Group training classes can be fun and a great learning experience. In fact, ideally, they should be fun for everyone. However, they can also be a great source of frustration for others.

Group classes are a great learning opportunity for some dogs and some people. But they are not the best learning environment for everyone. While group classes are obviously much more economical than private training, some of you will get more bang for your buck by starting with private training with the goal of moving back to group classes later.

I always try to remind my clients that the group class is – in some ways – more for the people than it is for the dogs. This is an opportunity for you to learn how to most effectively work with your dog. The bulk of the training really happens at home when you are working one-on-one with your dog.

Group classes are great for your dog learning how to work around other dogs, other people and other distractions away from home. However, in the early stages of learning, this can make training in a group setting very difficult. If your dog is not ready to focus on you with that many distractions, it can be a challenge.

My philosophy is for clients to focus on learning how to work with their dogs but not be overly concerned early on if their dogs do not seem to be “getting it” or seem too distracted during class. Set your expectations lower during class, keep them higher at home, and gradually raise your expectations in a class setting to the same expectations you have at home.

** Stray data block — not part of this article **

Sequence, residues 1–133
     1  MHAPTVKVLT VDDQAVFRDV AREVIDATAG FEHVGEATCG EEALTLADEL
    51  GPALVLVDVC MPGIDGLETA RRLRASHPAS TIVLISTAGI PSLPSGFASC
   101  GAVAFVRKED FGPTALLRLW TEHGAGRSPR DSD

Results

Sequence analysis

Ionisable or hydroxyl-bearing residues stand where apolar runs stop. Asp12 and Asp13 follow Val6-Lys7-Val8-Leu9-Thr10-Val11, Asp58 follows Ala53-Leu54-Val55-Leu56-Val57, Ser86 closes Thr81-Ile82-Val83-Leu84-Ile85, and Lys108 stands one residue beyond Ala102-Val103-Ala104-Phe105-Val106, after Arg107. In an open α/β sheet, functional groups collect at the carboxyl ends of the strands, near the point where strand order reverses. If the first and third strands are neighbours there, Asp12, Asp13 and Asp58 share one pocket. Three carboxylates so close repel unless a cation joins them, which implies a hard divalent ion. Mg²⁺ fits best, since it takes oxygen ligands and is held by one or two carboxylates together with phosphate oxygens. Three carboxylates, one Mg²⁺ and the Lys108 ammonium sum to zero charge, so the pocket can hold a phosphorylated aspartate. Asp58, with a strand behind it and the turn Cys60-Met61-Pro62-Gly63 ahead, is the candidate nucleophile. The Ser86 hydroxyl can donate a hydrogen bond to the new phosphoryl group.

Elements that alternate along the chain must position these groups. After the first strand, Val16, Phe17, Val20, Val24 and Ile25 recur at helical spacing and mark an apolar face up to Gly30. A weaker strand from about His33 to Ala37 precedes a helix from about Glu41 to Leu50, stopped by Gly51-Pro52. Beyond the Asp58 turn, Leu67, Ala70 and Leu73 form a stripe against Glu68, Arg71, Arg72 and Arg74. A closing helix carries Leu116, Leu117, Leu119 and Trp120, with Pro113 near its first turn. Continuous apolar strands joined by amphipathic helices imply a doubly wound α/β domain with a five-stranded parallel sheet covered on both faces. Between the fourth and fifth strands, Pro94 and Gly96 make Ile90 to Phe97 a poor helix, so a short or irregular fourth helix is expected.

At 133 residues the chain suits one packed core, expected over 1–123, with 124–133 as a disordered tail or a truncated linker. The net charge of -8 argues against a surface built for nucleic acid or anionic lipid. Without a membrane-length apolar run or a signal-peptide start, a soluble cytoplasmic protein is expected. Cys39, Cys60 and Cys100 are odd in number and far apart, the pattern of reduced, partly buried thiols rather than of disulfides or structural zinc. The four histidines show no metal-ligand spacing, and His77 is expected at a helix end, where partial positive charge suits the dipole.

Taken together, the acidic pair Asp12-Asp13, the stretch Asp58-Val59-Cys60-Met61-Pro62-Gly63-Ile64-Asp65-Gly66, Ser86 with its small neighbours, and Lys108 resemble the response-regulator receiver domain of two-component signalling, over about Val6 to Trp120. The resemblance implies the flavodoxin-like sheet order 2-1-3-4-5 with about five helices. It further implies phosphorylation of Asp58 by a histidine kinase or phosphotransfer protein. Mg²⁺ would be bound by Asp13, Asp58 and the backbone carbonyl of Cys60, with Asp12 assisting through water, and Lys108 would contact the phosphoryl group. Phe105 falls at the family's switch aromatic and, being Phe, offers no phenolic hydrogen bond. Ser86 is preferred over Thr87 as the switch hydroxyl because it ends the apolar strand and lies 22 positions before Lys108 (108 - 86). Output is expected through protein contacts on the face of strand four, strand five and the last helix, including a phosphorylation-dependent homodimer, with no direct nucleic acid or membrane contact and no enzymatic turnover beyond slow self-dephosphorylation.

Think of class time as the chance for your dog to acclimate to all of the available distractions. Reinforce whatever behaviors you can, but keep things simpler if you need to do so. Don’t worry if you think every other dog is doing better than yours. The only dog you should be comparing yours to is your own. Does s/he calm down and focus better as you get going during class? Does s/he do a little better each week? We want to make sure we are seeing improvement.

If you are not seeing improvement as quickly as you would like, then we need to discuss what changes might need to be made. Do we need better treats? Do we need to try play and toys instead of food? Do we need to set lower expectations for the short-term?

In some cases, moving to private training for a while to get better training under way is really the right way to go. I’m not suggesting this to get more money out of you. I am making the suggestions I think will benefit you the most. And sometimes, I am thinking it, but hesitant to say it. Why? Because I don’t want to scare you off. Some people will interpret my recommendation as my saying I don’t want you in class or don’t think your dog can handle it. That’s not what I am saying or thinking. I want to help you and your dog to be successful and if you’re both frustrated, you’re not going to be as successful as you could be.

I wish every dog were attentive and minimally distracted during classes. Some of us are just not that lucky. I would like to say that Romeo was always very attentive during classes. But that would be a lie!

If you think your dog is not meeting his or her true potential in a group class, talk to me about whether some private training might be a better option for you.


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